Isaac Watts, the English hymn-writer, theologian and logician, was born in Southampton in July 1674, and educated at King Edward VI School, where he learned Latin, Greek and Hebrew. Because his family were Non-Conformists, he did not attend Oxford or Cambridge University, but instead was sent to the Dissenting Academy in Stoke Newington, London, until 1694. After a two-year period of writing, in which he probably penned his educational works on Logic and Geography and Astronomy, as well as a number of hymns, in 1696 he became tutor and chaplain to the family of Sir John Hartopp of Leicestershire.
In 1699 Watts was chosen as assistant to Dr. Isaac Chauncy (1632-1712), pastor of Mark Lane Independent (i.e. Congregational) Chapel, London, whom he succeeded as sole pastor in 1702. The state of his health, which he had injured by overwork, led to the appointment of an assistant in 1703. In 1704 the congregation removed to Pinner’s Hall, and in 1708 they built a new meeting-house in Bury Street. Watts held the position of pastor for 46 years, although he was not able to preach regularly owing to grievous bodily affliction. His nervous system was in a shattered condition, and this entailed insomnia. Humanly speaking, he could not have lived but for the unremitting and loving care bestowed upon him by Lady Abney and her daughter.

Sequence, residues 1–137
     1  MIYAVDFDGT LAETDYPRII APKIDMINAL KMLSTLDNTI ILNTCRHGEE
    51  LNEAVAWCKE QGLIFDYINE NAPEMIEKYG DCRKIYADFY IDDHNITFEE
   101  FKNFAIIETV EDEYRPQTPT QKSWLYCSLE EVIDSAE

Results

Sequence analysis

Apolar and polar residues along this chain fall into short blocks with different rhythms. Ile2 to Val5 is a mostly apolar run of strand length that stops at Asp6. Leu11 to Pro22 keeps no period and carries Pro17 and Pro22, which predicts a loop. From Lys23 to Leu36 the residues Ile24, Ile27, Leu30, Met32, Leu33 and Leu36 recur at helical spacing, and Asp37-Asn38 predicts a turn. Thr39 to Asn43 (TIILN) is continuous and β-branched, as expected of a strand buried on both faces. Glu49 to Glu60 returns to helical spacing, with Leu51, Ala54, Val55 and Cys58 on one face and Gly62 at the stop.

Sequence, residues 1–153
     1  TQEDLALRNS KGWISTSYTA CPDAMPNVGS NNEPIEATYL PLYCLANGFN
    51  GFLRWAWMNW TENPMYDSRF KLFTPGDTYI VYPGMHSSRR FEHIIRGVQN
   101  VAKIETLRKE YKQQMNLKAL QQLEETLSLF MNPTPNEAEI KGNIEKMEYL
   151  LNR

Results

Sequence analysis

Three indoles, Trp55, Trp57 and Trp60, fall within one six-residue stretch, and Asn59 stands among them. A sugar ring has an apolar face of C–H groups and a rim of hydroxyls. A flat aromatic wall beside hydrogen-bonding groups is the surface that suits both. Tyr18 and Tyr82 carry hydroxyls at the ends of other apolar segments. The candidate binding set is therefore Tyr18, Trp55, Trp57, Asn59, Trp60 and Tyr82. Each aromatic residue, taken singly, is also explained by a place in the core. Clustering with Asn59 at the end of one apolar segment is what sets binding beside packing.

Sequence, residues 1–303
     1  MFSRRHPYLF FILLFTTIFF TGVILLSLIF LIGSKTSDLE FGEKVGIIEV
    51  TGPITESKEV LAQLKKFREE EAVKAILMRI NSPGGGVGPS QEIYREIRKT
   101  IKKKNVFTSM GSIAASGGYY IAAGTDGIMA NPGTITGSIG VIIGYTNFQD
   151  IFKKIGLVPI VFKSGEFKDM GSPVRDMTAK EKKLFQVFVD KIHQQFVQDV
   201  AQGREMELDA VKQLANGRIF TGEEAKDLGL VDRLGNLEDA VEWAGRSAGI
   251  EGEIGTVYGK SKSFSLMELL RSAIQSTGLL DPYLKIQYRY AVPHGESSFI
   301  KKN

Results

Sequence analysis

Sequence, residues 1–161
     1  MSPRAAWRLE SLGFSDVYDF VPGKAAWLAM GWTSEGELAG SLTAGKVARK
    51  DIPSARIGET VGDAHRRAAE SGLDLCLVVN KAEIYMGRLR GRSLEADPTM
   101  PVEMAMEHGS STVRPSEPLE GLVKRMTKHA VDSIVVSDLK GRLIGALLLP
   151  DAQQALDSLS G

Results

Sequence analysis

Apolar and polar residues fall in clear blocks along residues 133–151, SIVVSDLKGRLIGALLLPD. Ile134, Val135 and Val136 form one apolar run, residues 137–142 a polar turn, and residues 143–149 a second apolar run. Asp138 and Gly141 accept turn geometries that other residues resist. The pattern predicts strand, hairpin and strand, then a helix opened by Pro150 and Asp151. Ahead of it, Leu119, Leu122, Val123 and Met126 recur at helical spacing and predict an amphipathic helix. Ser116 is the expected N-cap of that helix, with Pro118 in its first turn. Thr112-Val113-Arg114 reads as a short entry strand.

In 1712 he had been invited to spend a week at the home of the wealthy Dissenter Sir Thomas Abney in Hertfordshire. He ended up staying there for the rest of his life, devoting himself to writing. In his own words, as spoken to the Countess of Huntingdon, he expressed his feelings: ‘I came to the house of my good friend, Sir Thomas Abney, intending to spend a single week beneath his roof, and I have extended my visit to thirty years.’ ‘I consider your visit, my dear Sir, as the shortest my family ever received,’ replied Lady Abney.
Sir Thomas died eight years after Watts became a resident under his roof, but Lady Abney survived the poet for some twelve months. Watts died in Stoke Newington in November, 1748, and was buried in Bunhill Fields, where a tombstone was erected to his memory by Sir John Hartopp and Lady Abney. A prolific and popular hymn-writer, he is recognised as the ‘Father of English Hymnody’, credited with some 750 hymns. His book A Guide to Prayer is published by the Trust.